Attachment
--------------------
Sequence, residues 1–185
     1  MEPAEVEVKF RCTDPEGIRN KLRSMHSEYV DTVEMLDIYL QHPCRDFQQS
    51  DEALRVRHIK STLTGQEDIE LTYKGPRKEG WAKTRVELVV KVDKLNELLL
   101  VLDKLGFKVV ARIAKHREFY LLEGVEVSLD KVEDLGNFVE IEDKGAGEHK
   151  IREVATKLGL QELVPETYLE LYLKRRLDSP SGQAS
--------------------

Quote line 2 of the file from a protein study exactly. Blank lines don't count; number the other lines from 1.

     1  MEPAEVEVKF RCTDPEGIRN KLRSMHSEYV DTVEMLDIYL QHPCRDFQQS